Three-Dimensional Solution Structure of Bottromycin A2: A Potent Antibiotic Active against Methicillin-Resistant Staphylococcus aureus and Vancomycin-Resistant Enterococci
ABSTRACT The three-dimensional (3D) structure of bottromycin A(2), a natural anti-methicillin-resistant Staphylococcus aureus (MRSA) and anti-vancomycin-resistant Enterococci (VRE) agent consisting of seven amino acids, has been investigated through NMR spectroscopy. On the basis of 57 experimental constraints, a total of 34 converged structures were obtained. The average pairwise atomic root mean square difference is 0.74±0.59 Å for all heavy atoms. The resulting structure indicates an interesting feature in that the three C-terminal residues of bottromycin A(2) fold back on the 12-membered cyclic skeleton made by the four N-terminal residues. Thus, MePro(2) and Thia-β-Ala-OMe(7), modification of which significantly affects the antibacterial activities of bottromycin A(2), are located on one side of its 3D structure. These distinct structural features might be important for the binding of bottromycin A(2) with the bacterial ribosome.
- SourceAvailable from: Liujie Huo
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- "Mode of action studies revealed the aminoacyl-tRNA binding site (A site) on the 50S ribosome as the target of bottromycins, ultimately leading to the inhibition of protein synthesis (Otaka and Kaji, 1976, 1981, 1983). As this site is currently not addressed by clinically used antibiotics, no crossresistance was observed, and bottromycins are regarded as promising leads to be developed as novel anti-infectives, with renewed interest even in medicinal chemistry (Gouda et al., 2012). Bottromycins represent octapeptides exhibiting an internal tetrapeptide cycle formed via a unique amidine linkage. "
ABSTRACT: Bottromycins represent a promising class of antibiotics binding to the therapeutically unexploited A-site of the bacterial ribosome. By inhibiting translation they are active against clinically important pathogens, such as vancomycin-resistant Enterococci. Structurally, bottromycins are heavily modified peptides exhibiting various unusual biosynthetic features. To set the stage for compound modification and yield optimization, we identified the biosynthetic gene cluster, used synthetic biotechnology approaches to establish and improve heterologous production, and generated analogs by pathway genetic engineering. We unambiguously identified three radical SAM methyltransferase-encoding genes required for various methylations at unactivated carbons yielding tert-butyl valine, methyl-proline, and β-methyl-phenylalanine residues, plus a gene involved in aspartate methyl-ester formation. Evidence for the formation of the exo-thiazole unit and for a macrocyclodehydration mechanism leading to amidine ring formation is provided.Chemistry & biology 09/2012; 19(10):1278-1287. DOI:10.1016/j.chembiol.2012.08.013 · 6.65 Impact Factor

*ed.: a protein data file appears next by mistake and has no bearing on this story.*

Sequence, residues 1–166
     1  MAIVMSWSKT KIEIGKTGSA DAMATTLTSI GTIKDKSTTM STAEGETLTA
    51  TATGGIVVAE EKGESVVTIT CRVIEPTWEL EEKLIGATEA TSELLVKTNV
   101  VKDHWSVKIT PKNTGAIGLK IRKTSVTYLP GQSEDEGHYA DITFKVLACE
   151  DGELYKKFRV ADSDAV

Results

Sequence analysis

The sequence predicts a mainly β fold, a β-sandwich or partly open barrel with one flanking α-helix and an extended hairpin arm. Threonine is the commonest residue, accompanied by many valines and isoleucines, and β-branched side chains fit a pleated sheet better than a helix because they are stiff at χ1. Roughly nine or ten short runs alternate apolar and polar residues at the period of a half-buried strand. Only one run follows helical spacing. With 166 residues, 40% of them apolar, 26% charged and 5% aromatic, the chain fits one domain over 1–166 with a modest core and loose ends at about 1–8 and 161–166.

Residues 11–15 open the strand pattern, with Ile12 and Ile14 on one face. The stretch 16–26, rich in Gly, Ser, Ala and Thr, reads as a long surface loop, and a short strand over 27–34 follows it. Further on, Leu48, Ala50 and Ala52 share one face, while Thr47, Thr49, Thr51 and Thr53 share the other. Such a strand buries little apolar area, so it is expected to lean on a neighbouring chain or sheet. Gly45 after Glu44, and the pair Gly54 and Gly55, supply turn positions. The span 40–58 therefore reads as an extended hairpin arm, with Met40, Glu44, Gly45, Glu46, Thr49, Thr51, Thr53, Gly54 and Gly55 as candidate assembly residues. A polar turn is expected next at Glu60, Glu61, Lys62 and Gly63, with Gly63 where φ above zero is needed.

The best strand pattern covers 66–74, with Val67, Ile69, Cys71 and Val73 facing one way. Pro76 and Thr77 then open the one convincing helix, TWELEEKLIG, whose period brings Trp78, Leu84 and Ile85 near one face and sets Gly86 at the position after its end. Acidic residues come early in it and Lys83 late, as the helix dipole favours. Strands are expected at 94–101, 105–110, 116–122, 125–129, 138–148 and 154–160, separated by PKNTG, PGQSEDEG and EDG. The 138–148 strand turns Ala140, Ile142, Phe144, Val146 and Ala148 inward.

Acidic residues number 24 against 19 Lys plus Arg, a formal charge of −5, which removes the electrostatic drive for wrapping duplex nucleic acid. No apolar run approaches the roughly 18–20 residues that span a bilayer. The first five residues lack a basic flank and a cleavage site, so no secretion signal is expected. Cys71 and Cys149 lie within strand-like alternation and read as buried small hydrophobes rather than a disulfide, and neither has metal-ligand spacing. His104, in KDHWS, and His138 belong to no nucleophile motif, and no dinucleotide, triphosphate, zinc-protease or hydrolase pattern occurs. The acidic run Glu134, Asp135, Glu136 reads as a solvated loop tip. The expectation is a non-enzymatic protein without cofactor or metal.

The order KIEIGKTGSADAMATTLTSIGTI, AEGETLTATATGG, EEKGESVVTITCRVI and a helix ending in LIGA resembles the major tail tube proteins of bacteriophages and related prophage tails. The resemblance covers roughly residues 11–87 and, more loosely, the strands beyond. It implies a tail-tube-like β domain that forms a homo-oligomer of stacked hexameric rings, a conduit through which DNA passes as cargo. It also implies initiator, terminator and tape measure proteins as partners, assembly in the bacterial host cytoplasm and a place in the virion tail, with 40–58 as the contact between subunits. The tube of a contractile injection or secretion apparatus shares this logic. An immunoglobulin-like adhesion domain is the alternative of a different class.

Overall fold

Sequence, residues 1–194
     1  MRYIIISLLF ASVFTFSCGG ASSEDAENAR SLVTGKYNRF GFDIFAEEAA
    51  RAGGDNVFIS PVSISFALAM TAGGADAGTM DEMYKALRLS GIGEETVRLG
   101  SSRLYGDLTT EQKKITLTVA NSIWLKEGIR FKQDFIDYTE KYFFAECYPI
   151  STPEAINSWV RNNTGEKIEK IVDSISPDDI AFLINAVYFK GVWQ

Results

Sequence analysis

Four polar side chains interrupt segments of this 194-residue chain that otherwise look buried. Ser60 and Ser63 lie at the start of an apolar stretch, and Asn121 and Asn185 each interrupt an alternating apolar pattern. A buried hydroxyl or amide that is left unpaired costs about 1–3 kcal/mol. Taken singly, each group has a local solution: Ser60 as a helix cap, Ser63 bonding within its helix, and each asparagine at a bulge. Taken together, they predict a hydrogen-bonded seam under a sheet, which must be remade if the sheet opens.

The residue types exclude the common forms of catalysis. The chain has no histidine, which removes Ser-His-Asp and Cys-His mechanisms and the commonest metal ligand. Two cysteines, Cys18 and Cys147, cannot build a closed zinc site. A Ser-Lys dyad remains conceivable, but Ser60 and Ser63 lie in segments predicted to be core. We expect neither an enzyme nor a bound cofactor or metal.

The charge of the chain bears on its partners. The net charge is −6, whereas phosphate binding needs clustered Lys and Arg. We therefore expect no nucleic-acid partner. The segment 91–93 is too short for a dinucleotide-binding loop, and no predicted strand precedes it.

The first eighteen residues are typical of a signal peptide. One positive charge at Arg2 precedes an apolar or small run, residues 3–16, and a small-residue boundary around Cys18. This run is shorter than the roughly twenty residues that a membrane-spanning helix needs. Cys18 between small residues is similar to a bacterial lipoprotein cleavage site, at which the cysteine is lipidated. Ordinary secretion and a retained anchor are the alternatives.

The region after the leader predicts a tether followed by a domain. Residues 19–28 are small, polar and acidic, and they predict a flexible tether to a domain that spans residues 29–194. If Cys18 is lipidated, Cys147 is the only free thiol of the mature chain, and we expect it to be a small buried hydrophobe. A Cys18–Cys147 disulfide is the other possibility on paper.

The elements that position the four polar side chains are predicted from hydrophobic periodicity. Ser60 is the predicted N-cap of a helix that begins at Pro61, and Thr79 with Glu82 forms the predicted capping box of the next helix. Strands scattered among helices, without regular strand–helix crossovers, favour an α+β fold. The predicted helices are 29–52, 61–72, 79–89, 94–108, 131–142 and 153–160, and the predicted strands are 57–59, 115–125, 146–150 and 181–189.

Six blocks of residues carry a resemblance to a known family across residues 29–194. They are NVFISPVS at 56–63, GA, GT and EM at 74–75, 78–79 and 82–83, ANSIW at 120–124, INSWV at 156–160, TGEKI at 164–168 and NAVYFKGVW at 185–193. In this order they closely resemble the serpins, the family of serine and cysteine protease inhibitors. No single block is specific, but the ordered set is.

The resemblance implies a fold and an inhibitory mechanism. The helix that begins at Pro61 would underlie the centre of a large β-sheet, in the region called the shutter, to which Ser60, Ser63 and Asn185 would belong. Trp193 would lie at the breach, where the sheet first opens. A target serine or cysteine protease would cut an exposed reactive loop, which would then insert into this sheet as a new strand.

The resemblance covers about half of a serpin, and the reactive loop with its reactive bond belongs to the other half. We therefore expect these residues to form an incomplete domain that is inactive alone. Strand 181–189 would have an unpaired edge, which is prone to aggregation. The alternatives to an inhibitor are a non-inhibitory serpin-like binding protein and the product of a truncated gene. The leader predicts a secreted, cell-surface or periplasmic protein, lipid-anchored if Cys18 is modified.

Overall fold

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- "The variability of natural compounds with t-butyl group can be illustrated (Fig. 1) by, e.g., pivalic acid or the nonproteinogenic amino acid tert-leucine (Tle). This amino acid was identified, for instance, in teleocidin derivatives, i.e., in blastmycetin E which is produced by the actinomycete Streptoverticillium blastmyceticum (Irie et al. 1990) or in bottromycin A, an antibiotic produced by Streptomyces bottropensis whose structure has been revised at least three times (Gouda et al. 2012). A considerable amount of the pivalic acid, which is found in nature, is assumed to be of anthropogenic origin, e.g., arriving from prodrugs (Brass 2002). "
ABSTRACT: Occurrence, biosynthesis, and biodegradation of pivalic acid and other compounds, having a quaternary carbon atom by different bacteria, are described. We have summarized the relevant data that have so far been published, presenting them in a graphical form, i.e., as biodegradation pathways including B₁₂-dependent isomerization and desaturation that lead to the degradation of pivalic acid and similar compounds to products with other than quaternary carbon atoms, i.e., compounds whose catabolism is well known.Applied Microbiology and Biotechnology 07/2012; 95(6):1371-6. DOI:10.1007/s00253-012-4267-x · 3.34 Impact Factor
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ABSTRACT: Drug resistant infectious diseases are quickly becoming a global health crisis. While Streptomyces spp. have been a major source of antibiotics over the past 50 years, efficient methods are needed to identify new antibiotics and greatly improve the rate of discovery. LCMS-based metabolomics were applied to analyze extracts of 50 Streptomyes spp. Using this methodology, we discovered bottromycin D and used whole genome sequencing to determine its biosynthesis by a ribosomal pathway.Organic Letters 09/2012; 14(19):5050-3. DOI:10.1021/ol3022758 · 6.36 Impact Factor